Bridging, Investment and Development: The alternative finance landscape in 2022
By Gareth Taylor -
Following the downturn of the Covid-19 pandemic, 2021 saw bridging bounce back – with transactions up quarter-on-quarter over the course of the year and Q3 2021 seeing transactions hit the highest levels since Q4 2018.
As we enter a new year, we look at what some of the key trends in the private bridging finance, property investment and development markets may be over the next 12 months.
Following a pandemic-impacted 2020, in which new bridging finance either dried up or lenders brought their LTVs to lower levels, 2021 saw appetite for bridging return.
Residential bridging finance in particular initially swung back and boomed, with demand moving away from central city locations and flats towards commuter belt properties – primarily as a result of a new work-from-home landscape.
Following the previous year’s dip, residential LTVs have shot back up, in some cases to higher levels than they were pre-covid.
Whilst appetite for residential deals grow stronger, with an increasing number of acquisitions, by mid-2021 it was clear that appetite for commercial projects was returning too.
Firstly, developers understood the ‘death of the office’ may have been premature, and that there would be a gradual return to office-based working.
Secondly, there was increased demand for industrial sites, including warehouses, sheds and logistics sites.
The attractive yield on industrial sites across the UK has seen projects develop across the regions in key logistical hubs and last mile inner city locations.
In 2022 we expect to see many of these trends to continue. From a residential perspective, the continuation of Help to Buy will continue to drive demand, and whilst increasing interest rates will be a factor, rates won’t rise substantially enough to majorly knock the market off kilter.
From a commercial perspective, demand for leisure is likely to return and more people will return to the office.
These trends will drive greater demand for commercial bridging, although there remains considerable concern around the future of retail sites.
The growth of the market will also see new entrants into the bridging market this year. As a result, and in order to keep competing, the established players may well need to push up their LTV and push down their pricing over the next twelve months.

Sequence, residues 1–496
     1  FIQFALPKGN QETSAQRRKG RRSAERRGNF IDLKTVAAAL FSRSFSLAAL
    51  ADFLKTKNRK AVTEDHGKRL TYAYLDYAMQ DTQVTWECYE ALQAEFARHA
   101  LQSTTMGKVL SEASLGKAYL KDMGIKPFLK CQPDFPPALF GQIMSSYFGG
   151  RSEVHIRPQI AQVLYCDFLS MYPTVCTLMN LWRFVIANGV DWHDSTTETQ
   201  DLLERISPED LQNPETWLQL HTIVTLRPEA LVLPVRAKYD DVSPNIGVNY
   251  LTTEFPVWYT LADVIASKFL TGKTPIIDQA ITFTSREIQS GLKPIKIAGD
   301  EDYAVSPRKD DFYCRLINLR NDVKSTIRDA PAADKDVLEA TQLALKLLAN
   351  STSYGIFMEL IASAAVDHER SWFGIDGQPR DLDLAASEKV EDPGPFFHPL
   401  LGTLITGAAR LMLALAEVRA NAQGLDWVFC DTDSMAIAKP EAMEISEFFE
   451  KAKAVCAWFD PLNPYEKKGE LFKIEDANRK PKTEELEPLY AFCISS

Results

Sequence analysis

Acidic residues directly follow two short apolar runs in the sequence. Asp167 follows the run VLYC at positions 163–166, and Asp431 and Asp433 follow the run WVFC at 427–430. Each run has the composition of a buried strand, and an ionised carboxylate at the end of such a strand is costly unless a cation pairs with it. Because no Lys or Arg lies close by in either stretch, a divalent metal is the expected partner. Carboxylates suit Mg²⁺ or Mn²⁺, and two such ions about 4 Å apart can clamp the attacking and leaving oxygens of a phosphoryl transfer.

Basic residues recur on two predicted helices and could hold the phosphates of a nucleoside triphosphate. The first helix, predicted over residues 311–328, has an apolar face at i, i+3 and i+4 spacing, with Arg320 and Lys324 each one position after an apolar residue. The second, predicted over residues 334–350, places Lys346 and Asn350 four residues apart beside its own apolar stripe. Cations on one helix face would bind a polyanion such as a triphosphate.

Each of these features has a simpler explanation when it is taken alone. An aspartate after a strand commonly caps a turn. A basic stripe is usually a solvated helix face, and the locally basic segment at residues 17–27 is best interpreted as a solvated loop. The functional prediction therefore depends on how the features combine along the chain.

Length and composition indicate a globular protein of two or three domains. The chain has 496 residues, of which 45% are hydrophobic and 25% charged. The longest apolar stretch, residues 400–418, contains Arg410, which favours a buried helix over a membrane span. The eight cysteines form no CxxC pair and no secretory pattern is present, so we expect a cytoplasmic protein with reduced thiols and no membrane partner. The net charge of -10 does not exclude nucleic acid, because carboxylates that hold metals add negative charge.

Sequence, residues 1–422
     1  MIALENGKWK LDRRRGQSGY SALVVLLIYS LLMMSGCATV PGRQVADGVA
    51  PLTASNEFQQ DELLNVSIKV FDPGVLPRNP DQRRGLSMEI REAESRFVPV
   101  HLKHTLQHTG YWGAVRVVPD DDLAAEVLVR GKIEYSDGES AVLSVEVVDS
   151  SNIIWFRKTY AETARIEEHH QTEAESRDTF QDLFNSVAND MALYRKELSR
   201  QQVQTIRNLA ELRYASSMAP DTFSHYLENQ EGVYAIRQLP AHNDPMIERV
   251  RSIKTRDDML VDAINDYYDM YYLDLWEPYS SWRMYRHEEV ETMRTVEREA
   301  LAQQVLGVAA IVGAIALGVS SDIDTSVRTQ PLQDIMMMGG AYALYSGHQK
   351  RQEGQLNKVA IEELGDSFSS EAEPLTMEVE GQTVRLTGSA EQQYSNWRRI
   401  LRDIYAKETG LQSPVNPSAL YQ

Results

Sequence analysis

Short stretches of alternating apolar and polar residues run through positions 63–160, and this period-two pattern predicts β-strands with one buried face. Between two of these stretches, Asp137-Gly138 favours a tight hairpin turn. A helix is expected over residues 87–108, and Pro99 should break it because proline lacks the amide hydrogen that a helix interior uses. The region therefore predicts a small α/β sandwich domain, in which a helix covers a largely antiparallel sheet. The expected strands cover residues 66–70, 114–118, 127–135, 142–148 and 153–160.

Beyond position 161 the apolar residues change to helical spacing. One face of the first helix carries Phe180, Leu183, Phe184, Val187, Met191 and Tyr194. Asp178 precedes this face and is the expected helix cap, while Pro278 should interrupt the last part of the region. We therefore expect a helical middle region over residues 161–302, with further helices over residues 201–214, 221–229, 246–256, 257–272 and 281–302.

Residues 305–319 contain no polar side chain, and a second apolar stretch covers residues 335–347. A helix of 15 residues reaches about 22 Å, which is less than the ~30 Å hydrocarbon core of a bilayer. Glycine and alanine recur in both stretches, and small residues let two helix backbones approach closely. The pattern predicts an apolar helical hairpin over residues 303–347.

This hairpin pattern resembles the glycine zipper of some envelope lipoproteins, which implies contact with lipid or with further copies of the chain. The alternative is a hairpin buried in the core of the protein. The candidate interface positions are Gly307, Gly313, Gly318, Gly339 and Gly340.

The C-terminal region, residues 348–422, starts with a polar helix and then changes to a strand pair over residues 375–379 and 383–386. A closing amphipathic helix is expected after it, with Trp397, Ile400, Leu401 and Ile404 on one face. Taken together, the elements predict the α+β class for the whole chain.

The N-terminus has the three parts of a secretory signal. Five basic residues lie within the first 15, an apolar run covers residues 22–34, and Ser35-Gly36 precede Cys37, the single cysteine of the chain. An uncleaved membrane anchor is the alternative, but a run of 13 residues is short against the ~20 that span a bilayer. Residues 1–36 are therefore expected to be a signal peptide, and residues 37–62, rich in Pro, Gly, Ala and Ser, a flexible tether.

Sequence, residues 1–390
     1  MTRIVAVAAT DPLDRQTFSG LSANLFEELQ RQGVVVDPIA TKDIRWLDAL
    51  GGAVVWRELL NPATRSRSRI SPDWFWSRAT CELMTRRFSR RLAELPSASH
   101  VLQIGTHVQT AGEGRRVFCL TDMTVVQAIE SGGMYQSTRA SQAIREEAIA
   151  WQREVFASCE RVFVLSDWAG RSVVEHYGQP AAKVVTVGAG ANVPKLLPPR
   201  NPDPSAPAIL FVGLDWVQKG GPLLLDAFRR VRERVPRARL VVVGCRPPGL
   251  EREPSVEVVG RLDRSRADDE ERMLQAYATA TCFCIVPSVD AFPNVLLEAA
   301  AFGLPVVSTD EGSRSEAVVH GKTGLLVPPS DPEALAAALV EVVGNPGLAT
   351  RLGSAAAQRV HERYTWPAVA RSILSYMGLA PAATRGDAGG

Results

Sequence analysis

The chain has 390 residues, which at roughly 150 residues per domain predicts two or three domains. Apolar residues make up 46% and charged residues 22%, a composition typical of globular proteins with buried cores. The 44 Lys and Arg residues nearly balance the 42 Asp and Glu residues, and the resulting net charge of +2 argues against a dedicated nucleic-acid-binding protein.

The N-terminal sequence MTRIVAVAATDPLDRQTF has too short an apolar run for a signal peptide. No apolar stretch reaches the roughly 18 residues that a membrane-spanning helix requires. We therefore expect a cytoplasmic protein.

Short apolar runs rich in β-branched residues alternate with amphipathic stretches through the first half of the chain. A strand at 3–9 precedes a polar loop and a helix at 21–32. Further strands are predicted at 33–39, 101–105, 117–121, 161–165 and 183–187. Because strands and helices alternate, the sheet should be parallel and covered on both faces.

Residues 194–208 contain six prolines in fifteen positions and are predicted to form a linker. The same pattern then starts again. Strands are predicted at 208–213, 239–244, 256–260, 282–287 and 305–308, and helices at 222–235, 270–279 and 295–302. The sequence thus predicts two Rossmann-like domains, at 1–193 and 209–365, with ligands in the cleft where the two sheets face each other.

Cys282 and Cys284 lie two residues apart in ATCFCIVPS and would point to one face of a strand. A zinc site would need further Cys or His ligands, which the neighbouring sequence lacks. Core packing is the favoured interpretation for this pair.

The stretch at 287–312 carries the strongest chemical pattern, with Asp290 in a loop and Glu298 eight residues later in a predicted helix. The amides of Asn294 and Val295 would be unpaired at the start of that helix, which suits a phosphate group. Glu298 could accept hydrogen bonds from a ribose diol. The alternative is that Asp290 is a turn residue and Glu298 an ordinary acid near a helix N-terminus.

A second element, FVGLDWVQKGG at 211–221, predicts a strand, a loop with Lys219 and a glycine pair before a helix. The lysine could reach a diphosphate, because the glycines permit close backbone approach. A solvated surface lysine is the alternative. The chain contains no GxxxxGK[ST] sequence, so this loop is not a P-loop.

In recent times high street banks have exhibited an abundance of lending caution, having previously been burnt by large exposures to real estate, and in particular retail, leisure and office.
High street bank LTVs are currently low (around 50%), and – as a result – insurance companies and funds have moved to fill this void.
Offering higher LTVs than high street banks (c. 60-65%), insurance companies and funds are increasingly competitive in the investment space.
In addition to opportunistic funds and insurance companies, challenger banks are also making their move – thereby further increasing market competition.
At this time, challenger banks’ impact will be limited to the residential sphere, it remains a lot more expensive for them to lend against commercial than it does against residential.
In 2022 we expect strong demand, and ongoing deployment of capital. The key question remains around high street banks, and their appetite for risk, especially once they see the economy hasn’t collapsed and the commercial sector is returning.
If they have appetite, it could swing investment back towards the banking sector; if not, funds and insurance companies will continue to dominate having mopped up this space, having already become the ‘go to’ sources of capital.
Anyone coming to the market with inner city residential stock in 2020 was struggling (especially in central London locations). Since the market bounced back, residential developments have been booming, with much of that existing stock having been sold.
Demand for more suburban family houses remained strong throughout with people moving out of inner city’s looking for more space.
Residential development has bounced back for two main reasons. Firstly, government schemes have helped support the residential market.
Secondly, whilst high street banks have had no real appetite for residential development, challenger banks and funds have also swept up that space.
Similar to events in the investment space, competition has also forced the traditional stretch senior lenders such as UTB, Maslow and Octopus to reduce their pricing and become more competitive.
On the commercial side, there continues to be appetite for forward funding, and this is a trend that is likely to continue in 2022.
Speculative spaces and retail are still difficult and perceived to be a big risk, but demand and appetite for industrial development continues to increase.
The next 12 months will also likely see a further swell in demand for hotels and hospitality.
Demand for hotel development has started to return following positive industry numbers, and as more confidence returns to the hotel and hospitality industry – plus a full year of post-Covid trading results is produced – appetite for development in this space is only set to increase.
Gareth is a Director at Excellion Capital, focusing on debt advisory, JV investment and principal investments across all asset classes in both the UK and Europe. Gareth is a fellow of the Institute of Chartered Accountants, having qualified with RSM Robson Rhodes (now Grant Thornton) before joining the Royal Bank of Scotland (RBS) in 2003.